On Sunday 23rd September I woke at the offensive time of 2:45am to catch my flight from London to Dublin. I arrived into Dublin at around 8am and then discovered I’d just missed the bus I needed, so I had a two hour wait for the next service. I was due to head south, towards the small market village of Bunclody. This small market town is about 5km away from an even smaller and more rural, less inhabited village called Clonegal. Here in Clonegal, is the start of what is called ‘The Wicklow Way’. The Wicklow Way is a 127km walking route, stretching from Clonegal in County Carlow, up to Dublin. A route that walkers from all over the world, as I would find out over the next few days come to walk. The route takes on average around a week to complete, although some complete it in less, while others do it at a more leisurely pace. Most walkers will stay in small B&B’s or guesthouses along the way. It was opened in 1981 by J.B.Malone, known as the father or Irish Hillwalking. The route traverses over grassland, ancient woodlands, steep sided glacial valleys and mountain lakes, as well as some more laborious stretches along minor country roads and farm tracks. The route also passes numerous significant sites along the way, from historical monuments dating back to 400AD to geographical surprises.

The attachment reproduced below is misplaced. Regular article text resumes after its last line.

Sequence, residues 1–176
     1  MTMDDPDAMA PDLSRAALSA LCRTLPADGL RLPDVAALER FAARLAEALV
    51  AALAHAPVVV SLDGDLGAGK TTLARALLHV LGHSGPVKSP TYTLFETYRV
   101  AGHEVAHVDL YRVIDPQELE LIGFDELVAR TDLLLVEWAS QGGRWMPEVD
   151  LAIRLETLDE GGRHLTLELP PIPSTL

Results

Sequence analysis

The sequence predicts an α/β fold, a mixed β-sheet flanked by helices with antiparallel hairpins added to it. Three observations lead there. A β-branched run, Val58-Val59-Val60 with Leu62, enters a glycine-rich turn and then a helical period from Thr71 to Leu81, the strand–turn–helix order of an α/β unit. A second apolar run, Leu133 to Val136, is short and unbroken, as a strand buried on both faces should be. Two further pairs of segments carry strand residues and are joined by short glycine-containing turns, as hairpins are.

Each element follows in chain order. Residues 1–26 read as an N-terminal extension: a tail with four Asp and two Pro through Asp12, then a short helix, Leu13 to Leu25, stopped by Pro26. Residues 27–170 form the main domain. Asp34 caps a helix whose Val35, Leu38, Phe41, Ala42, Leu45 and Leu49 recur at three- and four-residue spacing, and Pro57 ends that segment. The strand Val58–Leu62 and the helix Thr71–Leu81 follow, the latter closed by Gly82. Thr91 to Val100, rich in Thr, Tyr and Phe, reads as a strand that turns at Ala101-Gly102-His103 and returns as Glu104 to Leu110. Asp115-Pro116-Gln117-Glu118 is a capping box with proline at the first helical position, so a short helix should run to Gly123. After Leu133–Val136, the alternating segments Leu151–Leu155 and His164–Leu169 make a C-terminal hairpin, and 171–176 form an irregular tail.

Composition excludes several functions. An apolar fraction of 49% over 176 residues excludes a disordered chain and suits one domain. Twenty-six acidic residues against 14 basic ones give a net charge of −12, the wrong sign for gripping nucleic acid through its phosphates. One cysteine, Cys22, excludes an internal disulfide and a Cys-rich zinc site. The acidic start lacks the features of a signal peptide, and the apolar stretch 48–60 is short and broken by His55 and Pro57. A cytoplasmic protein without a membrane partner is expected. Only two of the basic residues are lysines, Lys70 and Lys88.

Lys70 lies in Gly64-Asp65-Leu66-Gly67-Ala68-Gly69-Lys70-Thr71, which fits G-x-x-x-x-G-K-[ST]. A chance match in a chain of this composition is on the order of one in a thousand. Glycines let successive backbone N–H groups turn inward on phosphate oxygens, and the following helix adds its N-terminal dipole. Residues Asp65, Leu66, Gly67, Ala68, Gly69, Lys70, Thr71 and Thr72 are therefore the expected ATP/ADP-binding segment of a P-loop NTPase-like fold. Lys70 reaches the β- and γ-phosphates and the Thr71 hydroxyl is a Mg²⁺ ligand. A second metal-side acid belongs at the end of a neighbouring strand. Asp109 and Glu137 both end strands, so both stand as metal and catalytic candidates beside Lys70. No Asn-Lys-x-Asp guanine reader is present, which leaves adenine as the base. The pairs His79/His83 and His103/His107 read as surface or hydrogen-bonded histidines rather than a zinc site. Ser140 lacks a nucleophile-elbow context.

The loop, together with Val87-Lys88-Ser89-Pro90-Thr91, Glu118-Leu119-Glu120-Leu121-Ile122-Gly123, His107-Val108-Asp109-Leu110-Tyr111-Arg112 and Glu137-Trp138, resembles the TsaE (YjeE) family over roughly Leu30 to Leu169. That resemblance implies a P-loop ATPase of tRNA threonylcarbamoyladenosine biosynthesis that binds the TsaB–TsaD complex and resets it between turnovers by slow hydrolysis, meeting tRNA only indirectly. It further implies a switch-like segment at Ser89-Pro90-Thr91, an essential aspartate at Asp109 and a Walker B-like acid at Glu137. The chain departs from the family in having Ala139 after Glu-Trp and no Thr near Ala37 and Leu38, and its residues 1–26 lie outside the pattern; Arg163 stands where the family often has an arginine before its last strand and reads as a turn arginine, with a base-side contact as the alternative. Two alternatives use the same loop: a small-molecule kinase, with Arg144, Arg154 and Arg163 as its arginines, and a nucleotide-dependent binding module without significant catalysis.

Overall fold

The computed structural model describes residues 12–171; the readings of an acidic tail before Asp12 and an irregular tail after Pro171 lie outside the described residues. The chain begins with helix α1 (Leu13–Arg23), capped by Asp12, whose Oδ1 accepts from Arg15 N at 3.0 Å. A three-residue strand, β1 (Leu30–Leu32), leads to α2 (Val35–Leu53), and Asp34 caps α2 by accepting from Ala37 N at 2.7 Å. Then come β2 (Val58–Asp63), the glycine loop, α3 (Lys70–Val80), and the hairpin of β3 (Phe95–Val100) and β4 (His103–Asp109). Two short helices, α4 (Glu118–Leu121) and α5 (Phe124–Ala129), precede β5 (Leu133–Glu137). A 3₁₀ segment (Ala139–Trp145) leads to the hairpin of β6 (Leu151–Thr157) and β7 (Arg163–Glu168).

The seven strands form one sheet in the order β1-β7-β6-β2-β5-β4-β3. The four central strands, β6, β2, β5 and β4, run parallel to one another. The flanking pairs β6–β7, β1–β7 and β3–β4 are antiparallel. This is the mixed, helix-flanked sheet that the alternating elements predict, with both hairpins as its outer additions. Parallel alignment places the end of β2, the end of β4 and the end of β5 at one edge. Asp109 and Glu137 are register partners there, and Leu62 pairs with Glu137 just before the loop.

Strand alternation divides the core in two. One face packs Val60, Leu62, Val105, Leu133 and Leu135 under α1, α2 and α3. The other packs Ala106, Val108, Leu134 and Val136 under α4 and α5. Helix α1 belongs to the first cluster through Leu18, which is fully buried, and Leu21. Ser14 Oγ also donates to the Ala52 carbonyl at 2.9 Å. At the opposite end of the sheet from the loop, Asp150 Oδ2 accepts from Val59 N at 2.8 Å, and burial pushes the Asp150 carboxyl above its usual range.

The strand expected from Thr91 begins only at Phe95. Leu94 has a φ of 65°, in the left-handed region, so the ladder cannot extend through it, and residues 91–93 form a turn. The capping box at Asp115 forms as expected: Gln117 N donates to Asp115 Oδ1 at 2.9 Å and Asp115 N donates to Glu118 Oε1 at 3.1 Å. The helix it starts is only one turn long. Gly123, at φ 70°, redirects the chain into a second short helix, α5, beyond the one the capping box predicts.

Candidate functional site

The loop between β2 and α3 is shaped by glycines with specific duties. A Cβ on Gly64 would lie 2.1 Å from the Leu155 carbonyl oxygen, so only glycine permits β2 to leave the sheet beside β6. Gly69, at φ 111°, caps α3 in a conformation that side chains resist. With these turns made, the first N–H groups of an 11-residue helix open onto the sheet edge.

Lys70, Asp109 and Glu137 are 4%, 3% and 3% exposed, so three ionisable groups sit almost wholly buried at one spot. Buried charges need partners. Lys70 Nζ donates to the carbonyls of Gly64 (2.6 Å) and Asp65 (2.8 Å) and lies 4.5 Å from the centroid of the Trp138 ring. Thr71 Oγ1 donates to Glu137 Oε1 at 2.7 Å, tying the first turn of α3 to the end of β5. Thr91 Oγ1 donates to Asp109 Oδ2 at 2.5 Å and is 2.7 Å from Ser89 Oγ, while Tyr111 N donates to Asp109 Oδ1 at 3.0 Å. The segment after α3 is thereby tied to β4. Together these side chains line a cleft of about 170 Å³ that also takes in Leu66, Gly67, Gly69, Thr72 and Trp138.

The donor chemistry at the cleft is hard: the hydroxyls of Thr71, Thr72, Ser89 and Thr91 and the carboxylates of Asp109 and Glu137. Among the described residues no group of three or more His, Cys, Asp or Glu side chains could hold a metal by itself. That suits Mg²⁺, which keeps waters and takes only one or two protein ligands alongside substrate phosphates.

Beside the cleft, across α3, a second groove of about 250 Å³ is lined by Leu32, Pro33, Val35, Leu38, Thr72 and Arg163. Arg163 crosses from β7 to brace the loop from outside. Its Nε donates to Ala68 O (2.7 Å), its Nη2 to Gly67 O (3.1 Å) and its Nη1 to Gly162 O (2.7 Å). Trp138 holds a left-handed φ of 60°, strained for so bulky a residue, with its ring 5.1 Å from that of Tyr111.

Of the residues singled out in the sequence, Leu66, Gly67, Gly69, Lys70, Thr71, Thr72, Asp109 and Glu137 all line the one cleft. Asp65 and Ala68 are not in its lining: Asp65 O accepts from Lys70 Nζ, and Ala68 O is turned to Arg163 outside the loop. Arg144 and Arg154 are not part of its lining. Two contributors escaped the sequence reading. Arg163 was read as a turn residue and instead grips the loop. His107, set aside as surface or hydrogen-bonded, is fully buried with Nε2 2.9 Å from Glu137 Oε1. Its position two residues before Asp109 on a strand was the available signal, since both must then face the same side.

I had booked my trip back in July and was super excited to not only be visiting Ireland for the first time, a country (that’s just over a one-hour flight away from England) I perhaps should have visited sooner, but also to be challenging myself with my first long distance, multi-day walk.

Me at the start of my journey along The Wicklow Way in Clonegal

I was sitting on the coach leaving Dublin, and looking out of the window at this city for the very first time. Immediately I was puzzled. Dublin, it seems, is a city that is very much stuck between the UK and Europe. In a way I feel sorry for it. Geographically, it is attached to the UK, but I got the sense it was being more influenced by mainland Europe despite the UK being much closer geographically than mainland Europe itself. There were elements present of both. I was passing down roads lined with smart looking townhouses, not dissimilar to what you would find all over London or even other UK cities. But aside from that, it felt like it was a city sharing more in common to mainland Europe. The parks had a European feel, the sort you might find in a quiet suburb of Berlin or Prague. Cycle lanes, a much more prominent characteristic over on the European mainland,  EU flags on display, and a seemingly large hub provided by the River Liffey. Whenever I visit other European cities, I always get a sense that the river brings a real importance to the city and the people residing in it, and the river consequently provides a major social and cultural centre for that town or city. Here in Dublin, I sensed a similar atmosphere.

One other very noticeable characteristic to Dublin (and extending to the rest of Ireland as well) was the importance of religion. Now I’m not the right person to write a blog about Catholicism nor is Ireland’s history with religion a subject to get into right now, but what I did notice was how many businesses, or schools, or institutions had a religious title or symbolic connotation. That alone shows how deeply connected Ireland is to it’s religious culture and past. Between all of that, my initial feeling of Dublin from the forty-five minutes or so that I saw it through my coach window, was that it is, at least from the outside, far more aligned with the EU than with the UK.